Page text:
Camels, Code & Lab Coats: How AI Is Advancing Science and Medicine
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Camels, Code & Lab Coats: How AI Is Advancing Science and Medicine


man: There’s been many
innovations over the years that drive science. If you go back in history, many scientific insights
actually derived from new tools that were able to
measure new things. AI is very, very good at
finding new paths that haven’t been seen before. It’s almost an enhancement on
our ability to sense the world. man: The main benefit of
machine learning is the ability to learn from
lots and lots of data. man: We can show a computer a
lot of examples, and rather than tell a model
how to evaluate that data can learn actually how to
interpret it and figure out what to do next. woman: Here at Google, we’ve
been using machine-learning technologies
in all of our products, things like Search, Translate,
Google Photos, and the Assistant. man: People are realizing that
learning from examples is a very powerful tool. man: So researchers in the
health care community were looking at some of the
work that Google was doing in artificial intelligence and
actually reached out to us and said, “Is there a way that
you could apply these same kind of technologies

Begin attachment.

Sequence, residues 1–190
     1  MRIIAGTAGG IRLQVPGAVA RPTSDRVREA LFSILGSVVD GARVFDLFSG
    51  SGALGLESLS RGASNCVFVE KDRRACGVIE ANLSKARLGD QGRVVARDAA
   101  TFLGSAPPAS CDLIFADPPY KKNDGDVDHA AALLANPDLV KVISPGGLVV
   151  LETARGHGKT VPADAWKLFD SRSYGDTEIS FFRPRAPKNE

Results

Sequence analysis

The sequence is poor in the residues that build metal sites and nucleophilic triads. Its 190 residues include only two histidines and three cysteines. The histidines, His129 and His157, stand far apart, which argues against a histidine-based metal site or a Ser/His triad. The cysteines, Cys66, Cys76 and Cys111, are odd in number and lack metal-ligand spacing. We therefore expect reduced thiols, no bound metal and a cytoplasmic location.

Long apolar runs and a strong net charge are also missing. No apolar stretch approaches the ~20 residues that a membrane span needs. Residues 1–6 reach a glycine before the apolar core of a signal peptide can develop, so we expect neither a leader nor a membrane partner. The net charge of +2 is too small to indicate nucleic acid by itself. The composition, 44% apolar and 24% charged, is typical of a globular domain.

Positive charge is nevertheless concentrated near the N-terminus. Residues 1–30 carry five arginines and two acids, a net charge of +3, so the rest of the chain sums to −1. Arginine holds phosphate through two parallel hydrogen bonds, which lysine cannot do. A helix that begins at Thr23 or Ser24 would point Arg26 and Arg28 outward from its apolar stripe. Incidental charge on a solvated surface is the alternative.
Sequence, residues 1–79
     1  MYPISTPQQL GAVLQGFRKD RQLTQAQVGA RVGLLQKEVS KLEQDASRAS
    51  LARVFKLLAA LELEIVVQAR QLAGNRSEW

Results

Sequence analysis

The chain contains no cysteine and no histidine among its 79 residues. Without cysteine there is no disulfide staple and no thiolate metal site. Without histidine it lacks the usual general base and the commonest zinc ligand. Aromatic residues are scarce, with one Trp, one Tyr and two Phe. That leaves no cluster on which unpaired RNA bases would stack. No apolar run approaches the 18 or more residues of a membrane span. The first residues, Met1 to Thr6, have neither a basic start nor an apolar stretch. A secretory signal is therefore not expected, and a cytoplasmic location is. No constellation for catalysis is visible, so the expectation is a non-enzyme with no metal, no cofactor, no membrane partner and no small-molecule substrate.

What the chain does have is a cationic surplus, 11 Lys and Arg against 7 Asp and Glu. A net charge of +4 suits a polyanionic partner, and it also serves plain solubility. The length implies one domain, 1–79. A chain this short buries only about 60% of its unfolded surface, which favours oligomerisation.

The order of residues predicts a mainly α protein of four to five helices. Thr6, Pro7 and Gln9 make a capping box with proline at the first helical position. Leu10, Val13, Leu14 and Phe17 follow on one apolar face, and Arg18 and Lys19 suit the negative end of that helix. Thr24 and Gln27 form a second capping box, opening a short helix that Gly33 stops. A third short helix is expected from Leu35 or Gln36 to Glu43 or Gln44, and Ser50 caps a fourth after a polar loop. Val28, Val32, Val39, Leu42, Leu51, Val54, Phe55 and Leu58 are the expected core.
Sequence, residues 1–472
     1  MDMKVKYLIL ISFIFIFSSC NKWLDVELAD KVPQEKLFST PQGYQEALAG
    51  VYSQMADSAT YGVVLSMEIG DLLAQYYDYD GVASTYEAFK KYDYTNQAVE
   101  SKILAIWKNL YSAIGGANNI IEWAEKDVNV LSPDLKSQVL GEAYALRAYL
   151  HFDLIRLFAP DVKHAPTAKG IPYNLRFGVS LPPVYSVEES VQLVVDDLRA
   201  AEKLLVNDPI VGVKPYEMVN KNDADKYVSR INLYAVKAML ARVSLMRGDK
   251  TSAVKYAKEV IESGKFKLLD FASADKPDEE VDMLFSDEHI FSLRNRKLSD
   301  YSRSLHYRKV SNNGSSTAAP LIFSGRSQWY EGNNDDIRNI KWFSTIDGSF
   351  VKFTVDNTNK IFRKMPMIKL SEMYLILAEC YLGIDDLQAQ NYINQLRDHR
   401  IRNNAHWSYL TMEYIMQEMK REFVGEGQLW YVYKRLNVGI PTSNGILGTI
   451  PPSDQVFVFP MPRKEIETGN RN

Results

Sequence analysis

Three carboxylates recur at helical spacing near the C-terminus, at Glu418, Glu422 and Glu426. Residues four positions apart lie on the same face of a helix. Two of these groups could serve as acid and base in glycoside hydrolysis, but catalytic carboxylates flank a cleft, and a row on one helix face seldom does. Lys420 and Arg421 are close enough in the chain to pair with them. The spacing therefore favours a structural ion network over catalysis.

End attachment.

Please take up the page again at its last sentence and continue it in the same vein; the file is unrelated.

in health care?” Doctors today have more
artificial intelligence working for them on their
smartphone for their personal use than
they have working for them in the clinical context. woman: And as doctors, we’ve
just gotten more information kind of shoved at us in terms
of records, in terms of images. woman: Think about all the
different type of cells that you have. man: 15,000, 20,000 different
diagnosis codes. man: Just a cubic millimeter of
tissue, it’s like taking,
you know, a billion photos. man: And if you print it out,
it would probably be about as tall as a ten-story
building. man: Really any kind of data
that people can generate on a massive scale is really an
area where machine learning can
help. [upbeat music] man: Now there’s an opportunity
to use all our digital technologies that have been
developed at Google to really try to help doctors. man: Let’s take some of these
tools that are great for analyzing videos and
YouTube and apply them to problems that matter to
science. man: One of the things we’ve
been working on in medical imaging is in the
area of pathology. Traditionally, pathologists
take some tissue sample, and they look around in a sea
of cells looking for the kind of needle
in a haystack cancerous tissue. man: We know that the earlier
you detect the cancer the greater your chance of
curing it and the greater your chance of
curing it without chemotherapy or
radiation. So the biggest challenges are
speed and accuracy of diagnosis. So far we’ve trained models for
breast cancer and prostate cancer. woman: These technologies can
actually identify suspicious areas to direct the